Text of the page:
Archive for December, 2007

Javascript Splice Ain’t Remove

December 27, 2007

I wanted to remove an item from a Javascript array and looked in vain for a remove function. I did find an implementation of remove using the Array.prototype but I just needed a function to get rid of items that matched a specific criterion.

That’s when the trouble started. The splice function—calling its array.splice(index, count) variant—will indeed remove an item or items from the array (and return an array of the items removed for some reason) but it also closes the void left by the removed item and resizes the array all in one fell swoop. So code like this doesn’t work as you’d think:

for (var i = 0; i < array.length; i++)
{
   if (array[i].someParameter == "someValue")
   {
      array.splice(i, 1);
   }
}

Since array.length changes with each removal, this code will end up missing some items because it will end too quickly. In the interest of saving future Googling, frustrated Javascripters, here’s how I solved the issue:

for (var i = array.length - 1; i >= 0; i--)
{
   if (array[i].someParameter == "someValue")
   {
      array.splice(i, 1);
   }
}

By starting the loop from the top of the array and working backwards, item removals and the dynamic resizing have no effect. If anyone has a better way, I’m all ears. Well, eyes.

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Review of High School Musical

December 24, 2007

Frequently, I find myself shaking my head at kids today. I’m not quite to the point of requesting them to stay off my yard, but it’s getting closer and closer. The females dress more and more risqué, the males more punky. The music seems insipid, though I know that that’s always been the case. In my more reasonable moments, I consider that there have always been elements of banality and senselessness in every generation.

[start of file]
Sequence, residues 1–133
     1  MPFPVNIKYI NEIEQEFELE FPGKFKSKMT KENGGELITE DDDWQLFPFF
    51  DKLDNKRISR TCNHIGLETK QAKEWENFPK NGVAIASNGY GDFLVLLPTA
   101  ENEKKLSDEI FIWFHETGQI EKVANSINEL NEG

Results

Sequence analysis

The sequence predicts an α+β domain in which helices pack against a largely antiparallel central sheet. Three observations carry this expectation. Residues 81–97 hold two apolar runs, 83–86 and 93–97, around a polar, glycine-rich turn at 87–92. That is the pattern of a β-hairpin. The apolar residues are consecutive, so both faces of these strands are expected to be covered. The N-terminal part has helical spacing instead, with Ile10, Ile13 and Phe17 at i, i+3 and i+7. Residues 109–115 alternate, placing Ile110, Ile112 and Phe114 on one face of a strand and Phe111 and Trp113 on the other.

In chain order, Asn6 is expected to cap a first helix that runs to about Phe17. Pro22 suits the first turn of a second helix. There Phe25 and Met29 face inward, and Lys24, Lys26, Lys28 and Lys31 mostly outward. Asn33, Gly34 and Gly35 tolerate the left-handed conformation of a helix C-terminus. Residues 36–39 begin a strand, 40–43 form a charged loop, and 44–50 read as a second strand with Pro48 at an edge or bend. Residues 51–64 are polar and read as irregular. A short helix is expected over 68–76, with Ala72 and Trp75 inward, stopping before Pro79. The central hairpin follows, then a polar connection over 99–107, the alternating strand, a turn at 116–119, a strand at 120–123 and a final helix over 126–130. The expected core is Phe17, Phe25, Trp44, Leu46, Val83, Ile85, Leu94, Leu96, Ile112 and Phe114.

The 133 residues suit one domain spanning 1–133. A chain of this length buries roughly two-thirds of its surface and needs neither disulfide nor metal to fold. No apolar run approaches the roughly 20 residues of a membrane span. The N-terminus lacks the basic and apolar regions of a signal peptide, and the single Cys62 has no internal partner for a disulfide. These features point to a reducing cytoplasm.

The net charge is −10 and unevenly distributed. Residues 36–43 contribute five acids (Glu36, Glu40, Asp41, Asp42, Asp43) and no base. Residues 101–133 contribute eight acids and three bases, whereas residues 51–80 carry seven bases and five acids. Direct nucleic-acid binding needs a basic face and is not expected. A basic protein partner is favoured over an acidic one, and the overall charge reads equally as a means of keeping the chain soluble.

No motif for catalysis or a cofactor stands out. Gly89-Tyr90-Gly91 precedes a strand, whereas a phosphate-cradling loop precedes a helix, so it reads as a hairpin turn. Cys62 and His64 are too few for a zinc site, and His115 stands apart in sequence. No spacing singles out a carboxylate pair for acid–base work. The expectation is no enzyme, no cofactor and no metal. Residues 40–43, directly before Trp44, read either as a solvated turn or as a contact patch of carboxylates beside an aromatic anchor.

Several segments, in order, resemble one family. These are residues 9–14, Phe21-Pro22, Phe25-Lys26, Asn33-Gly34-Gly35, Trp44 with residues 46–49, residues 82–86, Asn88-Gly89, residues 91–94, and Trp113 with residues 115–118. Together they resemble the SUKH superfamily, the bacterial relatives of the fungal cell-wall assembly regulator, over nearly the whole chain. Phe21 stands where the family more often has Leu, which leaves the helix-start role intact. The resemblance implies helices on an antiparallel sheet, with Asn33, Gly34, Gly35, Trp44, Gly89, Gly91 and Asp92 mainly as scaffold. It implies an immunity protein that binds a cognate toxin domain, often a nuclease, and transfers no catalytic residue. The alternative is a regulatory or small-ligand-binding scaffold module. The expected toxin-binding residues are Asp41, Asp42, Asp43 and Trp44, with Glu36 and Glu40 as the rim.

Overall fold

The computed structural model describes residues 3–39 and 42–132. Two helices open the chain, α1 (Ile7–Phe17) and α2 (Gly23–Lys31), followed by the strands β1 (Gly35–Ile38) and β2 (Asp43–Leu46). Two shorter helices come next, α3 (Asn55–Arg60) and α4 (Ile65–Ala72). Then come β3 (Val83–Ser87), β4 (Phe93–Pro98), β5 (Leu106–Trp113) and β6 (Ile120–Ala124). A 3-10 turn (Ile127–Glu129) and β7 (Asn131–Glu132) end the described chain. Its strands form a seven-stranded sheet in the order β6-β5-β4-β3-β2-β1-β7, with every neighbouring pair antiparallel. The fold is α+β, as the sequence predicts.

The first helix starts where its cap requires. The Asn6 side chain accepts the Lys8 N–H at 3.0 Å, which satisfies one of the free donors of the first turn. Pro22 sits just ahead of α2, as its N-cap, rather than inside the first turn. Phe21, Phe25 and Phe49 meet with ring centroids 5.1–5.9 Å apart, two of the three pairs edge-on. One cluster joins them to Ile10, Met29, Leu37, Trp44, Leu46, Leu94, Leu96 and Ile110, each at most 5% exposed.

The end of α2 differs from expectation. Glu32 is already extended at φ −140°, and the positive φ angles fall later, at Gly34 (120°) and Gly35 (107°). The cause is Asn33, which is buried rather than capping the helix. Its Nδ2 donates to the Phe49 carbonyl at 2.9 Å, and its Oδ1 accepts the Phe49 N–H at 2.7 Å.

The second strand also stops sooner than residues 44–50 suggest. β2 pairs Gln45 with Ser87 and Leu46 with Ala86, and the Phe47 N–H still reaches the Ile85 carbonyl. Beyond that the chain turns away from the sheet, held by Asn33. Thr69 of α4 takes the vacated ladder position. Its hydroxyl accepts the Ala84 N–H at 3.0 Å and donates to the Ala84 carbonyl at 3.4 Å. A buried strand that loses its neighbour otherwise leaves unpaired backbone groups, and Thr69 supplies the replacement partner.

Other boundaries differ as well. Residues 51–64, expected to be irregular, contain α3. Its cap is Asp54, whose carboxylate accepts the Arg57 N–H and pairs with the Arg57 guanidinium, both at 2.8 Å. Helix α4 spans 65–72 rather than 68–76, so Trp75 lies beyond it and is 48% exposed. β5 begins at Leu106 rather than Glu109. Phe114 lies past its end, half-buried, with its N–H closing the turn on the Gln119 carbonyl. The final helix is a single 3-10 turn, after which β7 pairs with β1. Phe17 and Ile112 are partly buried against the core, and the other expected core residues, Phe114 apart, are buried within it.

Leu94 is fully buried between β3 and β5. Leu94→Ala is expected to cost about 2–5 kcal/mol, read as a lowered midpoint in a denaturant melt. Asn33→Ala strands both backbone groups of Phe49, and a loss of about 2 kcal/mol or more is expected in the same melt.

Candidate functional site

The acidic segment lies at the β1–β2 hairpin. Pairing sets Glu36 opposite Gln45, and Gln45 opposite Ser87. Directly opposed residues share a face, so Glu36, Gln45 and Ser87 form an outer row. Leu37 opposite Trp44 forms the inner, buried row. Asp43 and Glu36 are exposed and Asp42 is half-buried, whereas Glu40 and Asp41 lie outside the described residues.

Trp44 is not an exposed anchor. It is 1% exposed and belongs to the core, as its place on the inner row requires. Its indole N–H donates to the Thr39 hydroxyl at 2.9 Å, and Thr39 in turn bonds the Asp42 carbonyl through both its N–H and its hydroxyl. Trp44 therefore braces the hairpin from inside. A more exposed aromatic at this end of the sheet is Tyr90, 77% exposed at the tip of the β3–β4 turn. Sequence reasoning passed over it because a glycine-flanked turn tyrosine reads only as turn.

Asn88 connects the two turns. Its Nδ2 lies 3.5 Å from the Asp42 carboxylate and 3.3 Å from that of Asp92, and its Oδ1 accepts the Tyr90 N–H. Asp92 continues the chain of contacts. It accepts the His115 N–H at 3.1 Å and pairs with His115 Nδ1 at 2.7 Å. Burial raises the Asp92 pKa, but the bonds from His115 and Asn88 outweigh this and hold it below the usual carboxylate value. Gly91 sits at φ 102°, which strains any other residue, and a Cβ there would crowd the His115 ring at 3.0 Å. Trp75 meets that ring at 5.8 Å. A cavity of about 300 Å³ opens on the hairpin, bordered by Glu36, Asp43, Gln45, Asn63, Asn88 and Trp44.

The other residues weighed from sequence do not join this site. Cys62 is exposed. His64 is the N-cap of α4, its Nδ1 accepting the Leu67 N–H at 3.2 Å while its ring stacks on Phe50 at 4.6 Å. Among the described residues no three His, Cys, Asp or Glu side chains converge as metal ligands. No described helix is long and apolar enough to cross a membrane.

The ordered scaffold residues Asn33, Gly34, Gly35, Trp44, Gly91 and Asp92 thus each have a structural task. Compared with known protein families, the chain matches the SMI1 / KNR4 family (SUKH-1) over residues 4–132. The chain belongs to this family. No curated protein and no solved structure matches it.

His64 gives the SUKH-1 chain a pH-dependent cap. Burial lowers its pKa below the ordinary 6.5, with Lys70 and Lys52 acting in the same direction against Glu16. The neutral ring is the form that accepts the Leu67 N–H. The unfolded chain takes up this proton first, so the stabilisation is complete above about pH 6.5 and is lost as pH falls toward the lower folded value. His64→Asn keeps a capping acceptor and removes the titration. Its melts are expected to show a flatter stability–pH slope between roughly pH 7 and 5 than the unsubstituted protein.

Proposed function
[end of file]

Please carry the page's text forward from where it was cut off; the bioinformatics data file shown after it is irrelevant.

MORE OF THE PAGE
But then I see a movie like High School Musical and I think that maybe things are getting worse. It makes Mean Girls look like high culture. It trades in every stereotype in the book and wraps its plot (such as it is) in tired bromides. And it is totally lacking in character development. The leads are a consummate bookworm who can’t be bothered to put the book down during a New Year’s Eve party and a basketball jock who spends his whole vacation practicing.

But then they’re paired at the party for a random karaoke and suddenly it’s as if they’ve been on the Mickey Mouse Club their entire childhoods. They don’t need the karaoke machine, their voices are pitch perfect, and they riff off each other as if they’d practiced. But alas their vacations are concluding and they’ll likely never see each other again. Except, lo and behold, she’s just transferred to his school in Albuquerque!

I won’t spoil the rest of the movie because a) I kind of have already forgot a lot of it and b) you shouldn’t really care. I generally agree with Kathy Sierra’s admonition but there’s only so much you can take. I think it’s safe to say that HSM is the Bill & Ted’s Excellent Adventure of this generation.